On October 11, 1907, Index becomes a municipal corporation of the fourth class following its October 1, 1907, incorporation vote and election of the town's first mayor, treasurer, and five councilmen. Index, a small (2019 pop. 175) eastern Snohomish County community, is bordered on its south side by the North Fork of the Skykomish River. Platted as a town on April 25, 1893, it was supported by mining, logging, quarrying, and recreation in its early development. In 2019, recreation provides the only economic base for this popular destination for kayakers, rafters, hikers, and mountain climbers who scale the 1,307-foot massive granite wall behind the town, as well as nearby mountain peaks soaring above 5,500 feet.
Skykomish: the Tribe and the River
Index is located on the North Fork of the Skykomish River one mile northeast of U.S. Highway 2 and 36 miles east of Everett. For thousands of years prior to settlement by European immigrants the Skykomish Tribe had a village near what eventually became the townsite. They fished, hunted mountain goats and other game, and thrived through deep knowledge of the terrain, its flora and fauna. The tribe had a well-used trade route to the east side of the mountains that was followed as well by miners searching for gold and silver as early as 1858. The 1855 Treaty of Point Elliott assigned the Skykomish people to the Tulalip Reservation on Port Gardner Bay north of present-day Everett. However, many of them, having never been saltwater people, remained instead in their familiar Skykomish valley, a number of miles west of Index in the Gold Bar and Sultan areas.
The town's unique site along the scenic river, with the massive, popularly named Town Wall providing its northern boundary and snow-capped mountains visible both east and west, led it to be developed with an eye toward tourism in addition to logging, mining, and quarrying. It also served as a supply and lodging settlement for Great Northern Railway workers and hundreds of prospectors who trekked east along the river's north fork and its tributaries in search of mineral riches in the early 1890s.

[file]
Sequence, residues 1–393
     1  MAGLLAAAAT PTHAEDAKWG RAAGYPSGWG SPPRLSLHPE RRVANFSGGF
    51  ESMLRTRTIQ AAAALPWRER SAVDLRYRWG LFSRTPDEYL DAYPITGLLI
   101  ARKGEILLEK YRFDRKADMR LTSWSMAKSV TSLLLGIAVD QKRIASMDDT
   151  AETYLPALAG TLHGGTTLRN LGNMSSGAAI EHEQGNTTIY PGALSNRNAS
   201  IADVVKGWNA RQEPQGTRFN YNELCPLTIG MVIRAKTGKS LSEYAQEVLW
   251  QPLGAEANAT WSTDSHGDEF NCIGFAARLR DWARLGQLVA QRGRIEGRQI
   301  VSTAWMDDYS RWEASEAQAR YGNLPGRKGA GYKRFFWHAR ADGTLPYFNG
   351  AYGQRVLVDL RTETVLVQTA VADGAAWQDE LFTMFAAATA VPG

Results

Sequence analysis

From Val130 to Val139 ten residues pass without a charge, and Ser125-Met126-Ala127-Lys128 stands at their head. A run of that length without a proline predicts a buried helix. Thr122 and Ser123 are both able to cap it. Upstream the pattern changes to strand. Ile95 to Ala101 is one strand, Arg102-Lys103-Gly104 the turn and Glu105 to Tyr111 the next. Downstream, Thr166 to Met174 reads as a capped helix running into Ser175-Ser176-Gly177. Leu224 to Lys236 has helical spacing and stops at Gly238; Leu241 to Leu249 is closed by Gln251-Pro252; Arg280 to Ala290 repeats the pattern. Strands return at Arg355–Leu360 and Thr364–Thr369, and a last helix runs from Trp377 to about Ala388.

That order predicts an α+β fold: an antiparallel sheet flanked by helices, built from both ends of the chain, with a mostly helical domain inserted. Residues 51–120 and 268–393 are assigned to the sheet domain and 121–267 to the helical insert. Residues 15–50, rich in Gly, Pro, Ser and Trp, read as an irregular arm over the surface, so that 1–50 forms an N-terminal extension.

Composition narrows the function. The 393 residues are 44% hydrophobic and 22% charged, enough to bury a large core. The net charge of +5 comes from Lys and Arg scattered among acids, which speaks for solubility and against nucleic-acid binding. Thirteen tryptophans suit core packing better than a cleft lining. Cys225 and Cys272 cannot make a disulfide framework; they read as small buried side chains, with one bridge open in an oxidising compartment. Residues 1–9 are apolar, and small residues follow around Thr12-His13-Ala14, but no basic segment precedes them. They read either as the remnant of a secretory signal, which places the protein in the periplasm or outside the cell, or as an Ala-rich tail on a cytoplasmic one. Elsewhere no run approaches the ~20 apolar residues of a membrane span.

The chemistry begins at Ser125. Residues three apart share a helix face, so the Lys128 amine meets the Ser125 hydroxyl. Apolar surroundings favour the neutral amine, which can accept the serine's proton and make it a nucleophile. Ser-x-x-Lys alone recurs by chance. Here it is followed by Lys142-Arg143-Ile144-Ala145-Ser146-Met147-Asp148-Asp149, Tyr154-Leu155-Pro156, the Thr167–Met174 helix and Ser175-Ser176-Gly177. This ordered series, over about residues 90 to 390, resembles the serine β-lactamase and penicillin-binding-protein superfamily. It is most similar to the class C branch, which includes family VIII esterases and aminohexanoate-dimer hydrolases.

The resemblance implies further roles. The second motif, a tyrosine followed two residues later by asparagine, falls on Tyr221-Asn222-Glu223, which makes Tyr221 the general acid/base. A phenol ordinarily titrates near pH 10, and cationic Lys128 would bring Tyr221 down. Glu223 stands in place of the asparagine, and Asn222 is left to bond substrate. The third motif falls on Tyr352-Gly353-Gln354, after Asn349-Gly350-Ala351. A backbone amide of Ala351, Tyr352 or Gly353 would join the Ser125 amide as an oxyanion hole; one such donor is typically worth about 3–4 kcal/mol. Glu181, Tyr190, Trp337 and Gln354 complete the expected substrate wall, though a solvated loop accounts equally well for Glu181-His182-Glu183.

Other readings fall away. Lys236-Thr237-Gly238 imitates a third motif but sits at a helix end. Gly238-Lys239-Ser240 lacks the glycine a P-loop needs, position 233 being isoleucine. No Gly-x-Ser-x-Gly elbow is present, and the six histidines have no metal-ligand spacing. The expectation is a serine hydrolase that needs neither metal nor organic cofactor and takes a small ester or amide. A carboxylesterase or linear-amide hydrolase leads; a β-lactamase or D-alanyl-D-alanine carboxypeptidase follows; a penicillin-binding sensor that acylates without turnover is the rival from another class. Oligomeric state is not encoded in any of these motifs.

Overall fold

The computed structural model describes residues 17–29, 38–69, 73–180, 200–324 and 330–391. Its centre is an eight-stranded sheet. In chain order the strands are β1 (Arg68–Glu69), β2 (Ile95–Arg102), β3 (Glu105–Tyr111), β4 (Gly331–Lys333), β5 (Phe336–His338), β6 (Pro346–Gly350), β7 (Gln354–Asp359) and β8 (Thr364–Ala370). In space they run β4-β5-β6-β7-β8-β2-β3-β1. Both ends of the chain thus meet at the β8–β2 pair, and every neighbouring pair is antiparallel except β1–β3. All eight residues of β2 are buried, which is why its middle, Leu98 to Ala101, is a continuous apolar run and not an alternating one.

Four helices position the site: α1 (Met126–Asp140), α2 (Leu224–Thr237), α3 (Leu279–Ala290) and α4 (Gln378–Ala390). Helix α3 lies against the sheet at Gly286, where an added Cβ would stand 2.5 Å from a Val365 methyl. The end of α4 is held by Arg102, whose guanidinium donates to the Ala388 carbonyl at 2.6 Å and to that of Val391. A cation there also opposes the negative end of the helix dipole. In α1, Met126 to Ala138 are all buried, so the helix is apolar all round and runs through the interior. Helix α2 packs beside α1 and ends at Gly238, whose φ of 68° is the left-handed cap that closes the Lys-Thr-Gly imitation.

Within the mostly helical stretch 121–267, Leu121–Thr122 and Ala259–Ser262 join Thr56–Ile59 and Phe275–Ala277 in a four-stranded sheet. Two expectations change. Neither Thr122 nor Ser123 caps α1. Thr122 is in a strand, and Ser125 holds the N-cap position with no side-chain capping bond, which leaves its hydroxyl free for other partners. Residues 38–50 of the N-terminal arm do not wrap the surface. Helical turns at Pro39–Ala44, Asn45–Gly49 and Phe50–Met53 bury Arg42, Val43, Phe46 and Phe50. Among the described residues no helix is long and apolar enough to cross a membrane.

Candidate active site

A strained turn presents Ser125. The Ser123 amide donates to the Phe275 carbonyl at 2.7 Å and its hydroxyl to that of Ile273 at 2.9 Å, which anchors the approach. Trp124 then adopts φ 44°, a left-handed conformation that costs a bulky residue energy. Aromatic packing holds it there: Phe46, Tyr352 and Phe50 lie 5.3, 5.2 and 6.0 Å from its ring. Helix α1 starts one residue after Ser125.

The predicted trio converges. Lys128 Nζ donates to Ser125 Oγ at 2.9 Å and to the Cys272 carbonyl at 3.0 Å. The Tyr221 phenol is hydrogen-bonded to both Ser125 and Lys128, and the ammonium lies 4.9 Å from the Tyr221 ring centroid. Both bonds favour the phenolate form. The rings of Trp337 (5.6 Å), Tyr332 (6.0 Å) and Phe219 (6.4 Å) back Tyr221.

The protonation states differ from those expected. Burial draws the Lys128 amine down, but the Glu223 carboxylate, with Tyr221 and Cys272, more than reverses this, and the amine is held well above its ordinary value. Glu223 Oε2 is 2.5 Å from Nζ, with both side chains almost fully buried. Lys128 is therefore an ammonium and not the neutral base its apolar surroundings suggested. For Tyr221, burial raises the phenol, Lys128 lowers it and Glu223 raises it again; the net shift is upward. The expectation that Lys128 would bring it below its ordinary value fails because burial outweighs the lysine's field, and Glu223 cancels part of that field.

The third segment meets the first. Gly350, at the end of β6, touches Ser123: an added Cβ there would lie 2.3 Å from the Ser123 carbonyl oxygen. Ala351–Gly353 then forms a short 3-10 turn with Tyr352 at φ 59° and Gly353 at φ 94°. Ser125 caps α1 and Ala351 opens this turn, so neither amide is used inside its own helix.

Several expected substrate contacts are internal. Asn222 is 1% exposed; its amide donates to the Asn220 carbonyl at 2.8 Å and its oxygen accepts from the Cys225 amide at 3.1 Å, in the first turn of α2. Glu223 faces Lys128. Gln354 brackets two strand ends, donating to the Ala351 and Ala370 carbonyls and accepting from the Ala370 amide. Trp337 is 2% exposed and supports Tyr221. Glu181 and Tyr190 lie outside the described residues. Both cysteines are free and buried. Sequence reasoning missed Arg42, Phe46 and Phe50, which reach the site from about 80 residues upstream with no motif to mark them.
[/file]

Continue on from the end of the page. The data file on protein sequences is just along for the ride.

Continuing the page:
By November 1891 there were enough railroad laborers and miners going through the valley to establish a post office, with Amos D. Gunn (1843-1907) its first postmaster. Knowing that the Great Northern Railway would be coming through the area soon, he and his wife, Persis (1845-1898), submitted the plat for the town, consisting of 10 north-south streets and four east-west streets. With great optimism, the east-west Index Avenue was platted at 100 feet wide as opposed to the others, which were 60 feet. It was hoped by the Gunns that the railway would use that extra-wide street to build a spur line to the mining camps and two small towns (Galena and Mineral City) east of Index, a hope that was soon dashed.
After more than two years of feverish clearing and track-laying in the Index area, the transcontinental rail line was completed on January 6, 1893. The tracks entered town by crossing the river near 5th Street and curved sharply west to continue along the base of the Town Wall. This plat and railroad position enabled the town to prosper, serving the shipping needs of the copper mines, lumber mill, and granite quarry during the early years of development from the 1890s through the 1910s.
The Great Northern depot was built on Index Avenue at the center of town and was served by regular cross-country passenger service as well as by a morning and evening train nicknamed "The Dinkie," which provided service until 1924 between the towns along the Skykomish and Snohomish rivers. Thus, in addition to the freights, there were many trains bringing passengers who made Index their wilderness recreation starting point or final tourism destination. This constant tourism traffic added to the ever changing population of laborers, quarrymen, loggers, and miners, helping to keep five hotels in business at the turn of the twentieth century.